[Purple who? Research Director Andreas Constantinou analyses the recent acquisition of Openwave’s client business by Purple Labs and how a relatively unknown French software vendor is becoming a key player in the new world of open source software for mobile phones.]
The Linux-based mobile phone software business is getting serious. On June 27, Purple Labs, one of the key vendors offering commercial Linux operating systems
acquired the client business of Openwave, bringing together a Linux-based software stack with a browser and messaging suite. The acquisition brings Purple Labs in head-to-head competition with the Access Linux Platform (ALP) and Azingo, a US-based vendor of Linux-based operating systems for smartphones. It also makes mobile open source one of the main battlegrounds of the mobile industry today, following close on the heals of the Symbian Foundation announcement (see full analysis here).
Based in France, Purple Labs has transitioned from a little known design house arm of Vitelcom (a Spanish ODM) to a well-funded 100-strong OS vendor boasting the only commercial single-core 3G Linux software stack and three Linux mid-tier phones shipped in Europe since 2006.
The transformation has been led since late 2007 by Sofinnova Partners, Earlybird Venture Capital, and Partners Group who have invested $15 million in addition to supporting the $30 million acquisition of the Openwave client business. This puts Purple Labs on a level playing field with Access Linux Platform (backed by ACCESS, a billion-dollar valuation company) and Azingo (funded with $30 million to date) and should help Purple Labs build its professional services team which is a critical element of a Linux-based OS business.
It’s also worth noting that Purple Labs is so far the only vendor with a commercial 3G stack, and one which has been integrated on a single core handset, both of which are major engineering achievements. It is also the only vendor of licensable software stacks (alongside Mizi who had shipped its OS on 3 Samsung phones) and the only Linux-based software stack which has shipped on European phones which come with demanding requirements for GCF certification and operator (incl. i-mode) customisation.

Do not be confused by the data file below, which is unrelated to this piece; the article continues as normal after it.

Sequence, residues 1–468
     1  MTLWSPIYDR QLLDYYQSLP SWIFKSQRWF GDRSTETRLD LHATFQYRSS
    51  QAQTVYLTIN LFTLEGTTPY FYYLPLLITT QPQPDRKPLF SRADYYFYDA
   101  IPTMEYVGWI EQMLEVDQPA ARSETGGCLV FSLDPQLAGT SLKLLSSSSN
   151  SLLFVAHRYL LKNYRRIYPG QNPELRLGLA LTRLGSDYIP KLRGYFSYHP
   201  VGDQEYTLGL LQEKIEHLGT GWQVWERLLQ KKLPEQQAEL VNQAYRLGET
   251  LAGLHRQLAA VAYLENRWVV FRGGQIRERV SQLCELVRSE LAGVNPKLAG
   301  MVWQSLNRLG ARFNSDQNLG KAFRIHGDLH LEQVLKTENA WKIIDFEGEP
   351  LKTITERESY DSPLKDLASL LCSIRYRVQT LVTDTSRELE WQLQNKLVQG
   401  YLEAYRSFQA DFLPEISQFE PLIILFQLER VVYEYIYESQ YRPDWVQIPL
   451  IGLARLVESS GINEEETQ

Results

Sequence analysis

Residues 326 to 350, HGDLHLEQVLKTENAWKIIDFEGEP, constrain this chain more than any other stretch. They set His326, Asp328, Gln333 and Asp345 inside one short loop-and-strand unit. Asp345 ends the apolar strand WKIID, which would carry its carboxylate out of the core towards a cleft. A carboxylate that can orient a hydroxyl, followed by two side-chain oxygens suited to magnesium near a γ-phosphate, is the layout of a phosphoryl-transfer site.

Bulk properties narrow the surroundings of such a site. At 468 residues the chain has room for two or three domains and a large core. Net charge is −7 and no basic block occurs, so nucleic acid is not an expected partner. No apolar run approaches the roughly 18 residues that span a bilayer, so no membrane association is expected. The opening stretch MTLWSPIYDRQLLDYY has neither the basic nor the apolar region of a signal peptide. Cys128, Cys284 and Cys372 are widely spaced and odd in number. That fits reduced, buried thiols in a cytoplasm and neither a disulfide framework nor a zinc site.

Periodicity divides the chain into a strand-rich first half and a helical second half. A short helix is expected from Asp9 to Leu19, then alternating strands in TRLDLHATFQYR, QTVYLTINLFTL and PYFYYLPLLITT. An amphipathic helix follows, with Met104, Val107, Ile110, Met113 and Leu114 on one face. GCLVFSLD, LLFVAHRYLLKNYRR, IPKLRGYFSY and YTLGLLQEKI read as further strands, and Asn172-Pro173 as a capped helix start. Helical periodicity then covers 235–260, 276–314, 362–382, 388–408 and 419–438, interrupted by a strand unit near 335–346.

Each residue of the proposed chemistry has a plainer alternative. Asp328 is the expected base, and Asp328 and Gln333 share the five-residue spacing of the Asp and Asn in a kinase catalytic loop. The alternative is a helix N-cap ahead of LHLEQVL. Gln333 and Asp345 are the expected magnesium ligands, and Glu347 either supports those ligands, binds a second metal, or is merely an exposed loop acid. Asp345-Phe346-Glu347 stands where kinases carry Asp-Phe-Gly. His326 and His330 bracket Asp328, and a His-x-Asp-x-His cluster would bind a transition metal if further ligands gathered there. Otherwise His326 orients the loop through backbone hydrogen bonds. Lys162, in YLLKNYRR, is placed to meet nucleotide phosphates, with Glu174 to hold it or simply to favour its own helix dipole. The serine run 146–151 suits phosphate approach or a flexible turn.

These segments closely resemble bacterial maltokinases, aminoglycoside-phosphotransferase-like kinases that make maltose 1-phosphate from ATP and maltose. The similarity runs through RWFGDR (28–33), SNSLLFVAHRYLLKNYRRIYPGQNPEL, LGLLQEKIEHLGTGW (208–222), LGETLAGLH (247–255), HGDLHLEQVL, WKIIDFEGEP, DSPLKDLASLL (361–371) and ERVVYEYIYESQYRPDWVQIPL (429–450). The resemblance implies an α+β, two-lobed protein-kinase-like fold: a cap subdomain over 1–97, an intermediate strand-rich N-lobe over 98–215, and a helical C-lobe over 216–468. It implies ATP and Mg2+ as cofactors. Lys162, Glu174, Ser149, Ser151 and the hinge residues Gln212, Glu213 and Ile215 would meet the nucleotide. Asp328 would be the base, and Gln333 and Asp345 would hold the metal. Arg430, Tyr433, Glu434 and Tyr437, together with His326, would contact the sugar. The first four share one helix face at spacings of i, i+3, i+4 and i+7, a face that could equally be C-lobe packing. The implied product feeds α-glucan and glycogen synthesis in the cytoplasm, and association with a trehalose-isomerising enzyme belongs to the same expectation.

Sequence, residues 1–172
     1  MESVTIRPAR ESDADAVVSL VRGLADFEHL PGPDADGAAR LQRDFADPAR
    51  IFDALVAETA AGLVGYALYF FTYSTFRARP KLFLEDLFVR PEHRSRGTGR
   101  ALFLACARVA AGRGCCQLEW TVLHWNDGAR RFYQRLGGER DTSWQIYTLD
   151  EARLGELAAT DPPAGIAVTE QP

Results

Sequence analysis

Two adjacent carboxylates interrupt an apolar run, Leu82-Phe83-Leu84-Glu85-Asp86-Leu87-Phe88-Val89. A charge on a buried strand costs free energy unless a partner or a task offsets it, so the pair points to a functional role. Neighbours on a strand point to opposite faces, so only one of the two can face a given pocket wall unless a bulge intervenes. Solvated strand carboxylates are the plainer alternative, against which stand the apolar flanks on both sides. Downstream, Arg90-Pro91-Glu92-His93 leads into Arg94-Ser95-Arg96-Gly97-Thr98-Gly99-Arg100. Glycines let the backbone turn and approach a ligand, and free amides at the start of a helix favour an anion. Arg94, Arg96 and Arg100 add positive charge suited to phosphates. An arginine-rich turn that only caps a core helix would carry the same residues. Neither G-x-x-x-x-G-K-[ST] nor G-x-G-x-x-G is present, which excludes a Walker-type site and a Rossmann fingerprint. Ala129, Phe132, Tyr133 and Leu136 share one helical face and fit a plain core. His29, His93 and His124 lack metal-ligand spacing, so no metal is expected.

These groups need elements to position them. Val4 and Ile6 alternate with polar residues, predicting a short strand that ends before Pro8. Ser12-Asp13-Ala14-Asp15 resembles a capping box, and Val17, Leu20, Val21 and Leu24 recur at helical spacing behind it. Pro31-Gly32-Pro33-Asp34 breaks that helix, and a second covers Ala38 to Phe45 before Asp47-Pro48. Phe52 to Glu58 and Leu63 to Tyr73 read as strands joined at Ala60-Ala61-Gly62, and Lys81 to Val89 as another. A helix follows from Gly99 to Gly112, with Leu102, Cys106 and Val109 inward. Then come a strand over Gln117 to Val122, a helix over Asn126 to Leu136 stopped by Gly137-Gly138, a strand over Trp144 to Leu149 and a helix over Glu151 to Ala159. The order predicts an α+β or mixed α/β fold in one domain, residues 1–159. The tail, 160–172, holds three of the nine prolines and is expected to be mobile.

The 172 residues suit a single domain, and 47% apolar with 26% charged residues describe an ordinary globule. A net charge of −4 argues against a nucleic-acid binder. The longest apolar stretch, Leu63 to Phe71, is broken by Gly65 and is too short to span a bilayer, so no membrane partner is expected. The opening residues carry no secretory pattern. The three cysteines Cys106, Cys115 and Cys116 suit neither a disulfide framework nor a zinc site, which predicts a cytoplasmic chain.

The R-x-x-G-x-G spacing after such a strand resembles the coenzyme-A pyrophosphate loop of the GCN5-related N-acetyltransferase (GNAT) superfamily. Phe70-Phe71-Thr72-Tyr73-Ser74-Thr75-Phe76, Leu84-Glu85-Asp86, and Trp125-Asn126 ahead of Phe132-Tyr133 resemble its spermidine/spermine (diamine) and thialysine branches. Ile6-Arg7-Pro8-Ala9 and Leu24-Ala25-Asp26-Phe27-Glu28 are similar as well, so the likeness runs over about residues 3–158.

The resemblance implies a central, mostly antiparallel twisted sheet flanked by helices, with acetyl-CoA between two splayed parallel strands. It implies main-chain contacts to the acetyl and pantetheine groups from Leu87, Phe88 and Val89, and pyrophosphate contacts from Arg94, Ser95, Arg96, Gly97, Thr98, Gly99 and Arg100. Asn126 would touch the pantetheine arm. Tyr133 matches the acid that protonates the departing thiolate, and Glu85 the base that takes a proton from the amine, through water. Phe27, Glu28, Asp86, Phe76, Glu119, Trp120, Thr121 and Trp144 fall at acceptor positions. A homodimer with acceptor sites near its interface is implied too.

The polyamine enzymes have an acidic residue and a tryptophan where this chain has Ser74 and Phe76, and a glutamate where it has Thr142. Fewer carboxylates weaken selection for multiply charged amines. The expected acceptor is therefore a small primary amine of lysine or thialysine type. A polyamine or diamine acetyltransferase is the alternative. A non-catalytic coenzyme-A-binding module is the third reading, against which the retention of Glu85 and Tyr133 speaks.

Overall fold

Too good to be true ? The next six months will tell, as ALP, Azingo and Purple Labs are preparing to launch their next handset projects and OEMs are being called to choose between S60/Symbian, Android and Linux stacks.
Purple Labs is led by Simon Wilkinson and the ex-Magic4 management team who led Openwave’s client business. The same team has now effectively led the acquisition of Openwave’s browser and client messaging products including all code, patents, customer contracts and the engineering team.
Bringing Openwave back from the ashes Opewave has suffered a major decline in the last year. In May 2007 it was announced the business was up for sale, it’s looking for a new CEO and its share price (OPWV) has dropped to less than a fourth of what it was one year ago. This is the same company who had shipped software on more 1.4 billion handsets with 50 device manufacturers (as it still mentions on the ‘about’ page).
In its heydays in 2005 Openwave was celebrating 1 billion handsets shipped with its browser and launching MIDAS, a then-visionary service delivery framework, the same strategy that underlines today’s widget adoption by OEMs and operators. The Openwave browser business has been perhaps one of the first victims of the open source phenomenon (alongside Obigo); it was open source development practices which allowed the likes of Apple, Nokia and Google to build next-generation browsers by pooling development costs through the WebKit project – see our seminal article Bye Bye Browser for a full analysis of the story. Since MWC 2008, Openwave has refocused its business on network service management products – including content optimisation, mobile advertising and personalisation.
The $30 million that Purple Labs paid for the acquisition is peanuts compared to the valuation of Openwave’s client business circa 2005, considering that browsers typically command $1 per-unit royalties (volume dependent) and Openwave had around 50% market share of browser shipments. [update: For 1Q08, Openwave had reported $11.1 million in revenues from its client business, including software license fees and related engineering services].
Purple Labs also inherits the WAP browser business where WebKit competition is not yet relevant, as well as the MIDAS scripting framework, which can be assumedly be repurposed into an on-device service delivery platform. If this doesn’t sound familiar, on-device platforms for service delivery are what Qt, Silverlight, Java FX Mobile, Qualcomm’s Widgets, Flash Lite and Tamarin are all about. I would assume Purple Labs plans to reuse Openwave technologies to help address the requirements of LiMo Foundation members such as Vodafone and Orange.
The open source battleground is consolidating and intensifying. Watch this space!
[want to know more about open source use and best practices in the mobile industry? Check out our 360 degree workshop on mobile open source.]